Seventy-five years ago, on April 9, 1942, Maj. General Edward P. King, Jr., Commanding Officer of the Luzon Force (U.S. Army Forces in the Far East of USAFFE) was forced to surrender 75,000 troops consisting of 63,000 Filipinos and 12,000 Americans in the peninsula of Bataan which guards the mouth of Manila Bay. Despite fighting without any air support (lost during the first week) and without any reinforcement, they managed to delay the Imperial Japanese Army's time table of 50 days by holding on for 99 days. But in the end their will could no longer sustain their bodies, which were wracked with disease and starvation. Little did they know that their fate was already sealed long before the first bomb hit Pearl Harbor. In accordance with the war plan (War Plan Orange 3 in Rainbow Plan 5), no reinforcement was going to be sent until Germany was defeated.
The prisoners, the majority of whom were suffering from disease and starvation, were forced to march approximately 60 miles to their prison camp at Camp O'Donnell under extreme tropical conditions. No provisions were made for food, water, shelter or medicine. Those who could no longer go on were beaten, bayoneted, shot and some were even beheaded by their Japanese captors. In some instances, the executions were done collectively. In Pantingan River, some 300 commissioned and non-commissioned officers of the 91st and 71st Divisions were executed.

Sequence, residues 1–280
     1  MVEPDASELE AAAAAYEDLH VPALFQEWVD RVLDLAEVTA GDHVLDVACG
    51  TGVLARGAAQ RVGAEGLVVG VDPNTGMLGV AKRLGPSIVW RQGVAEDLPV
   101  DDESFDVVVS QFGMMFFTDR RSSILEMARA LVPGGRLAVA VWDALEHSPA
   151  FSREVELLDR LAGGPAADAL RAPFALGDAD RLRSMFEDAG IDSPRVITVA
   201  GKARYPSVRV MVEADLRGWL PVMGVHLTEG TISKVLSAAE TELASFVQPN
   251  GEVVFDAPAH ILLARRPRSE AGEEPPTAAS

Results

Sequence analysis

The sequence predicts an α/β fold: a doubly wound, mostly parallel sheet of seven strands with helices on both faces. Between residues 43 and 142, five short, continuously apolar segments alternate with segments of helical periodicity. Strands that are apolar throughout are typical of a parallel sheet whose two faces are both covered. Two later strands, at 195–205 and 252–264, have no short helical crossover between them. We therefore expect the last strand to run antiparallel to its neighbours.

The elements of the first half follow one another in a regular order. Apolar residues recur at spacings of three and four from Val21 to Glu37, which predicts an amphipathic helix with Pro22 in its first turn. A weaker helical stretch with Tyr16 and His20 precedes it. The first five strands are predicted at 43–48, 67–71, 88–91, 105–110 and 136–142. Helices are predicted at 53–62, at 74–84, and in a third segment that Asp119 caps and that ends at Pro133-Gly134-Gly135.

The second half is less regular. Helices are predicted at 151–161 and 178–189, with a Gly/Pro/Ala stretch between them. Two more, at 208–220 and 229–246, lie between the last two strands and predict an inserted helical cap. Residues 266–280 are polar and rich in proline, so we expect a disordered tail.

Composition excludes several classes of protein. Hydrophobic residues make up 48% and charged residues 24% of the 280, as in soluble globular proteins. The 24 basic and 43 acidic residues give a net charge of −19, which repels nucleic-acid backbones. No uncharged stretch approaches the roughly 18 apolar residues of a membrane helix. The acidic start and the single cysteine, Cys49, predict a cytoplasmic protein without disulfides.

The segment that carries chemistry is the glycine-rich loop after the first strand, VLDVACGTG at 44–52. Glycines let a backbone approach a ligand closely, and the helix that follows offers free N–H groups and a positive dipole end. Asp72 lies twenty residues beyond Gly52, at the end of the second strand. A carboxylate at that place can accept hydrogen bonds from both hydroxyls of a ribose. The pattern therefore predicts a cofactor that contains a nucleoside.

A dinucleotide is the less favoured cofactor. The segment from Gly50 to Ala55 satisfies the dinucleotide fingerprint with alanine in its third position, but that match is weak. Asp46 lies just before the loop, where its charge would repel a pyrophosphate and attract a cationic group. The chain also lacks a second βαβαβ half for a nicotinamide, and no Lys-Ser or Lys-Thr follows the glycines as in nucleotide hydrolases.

Thousands of soldiers (the majority were Filipinos) died during the march. This heinous crime against humanity became known as the Bataan Death March.
After reaching Camp O'Donnell, approximately 20,000 Filipino and 1,600 American soldiers ultimately died inside the camp.
This seminal point of history faded though the years and has been almost forgotten. Bataan Legacy Historical Society, with the help of many community leaders, worked with the California Department of Education since 2014 to include this and other seminal events in the Philippines during WWII in the history curriculum framework for high school. Last year, it was approved for inclusion in the U.S. history curriculum framework for Grade 11 in California. Bataan Legacy Historical Society is now working on creating sample lesson plans to help in its implementation. But your help is crucial to ensure that it is implemented. California is the first state in the nation to mandate the teaching of World War II in the Philippines in its high schools.
As the descendants of those who went through the Bataan Death March, we have a sacred duty and a moral obligation to ensure that this legacy will be learned by future generations, not just in California but throughout the United States, the Philippines, Japan and the rest of the world.
Please join us on April 8 to honor the few remaining survivors of the Bataan Death March and the thousands who have already passed on.
Bataan Death March 75th Anniversary Commemoration on April 8, 2017 at the Presidio in San Francisco, California.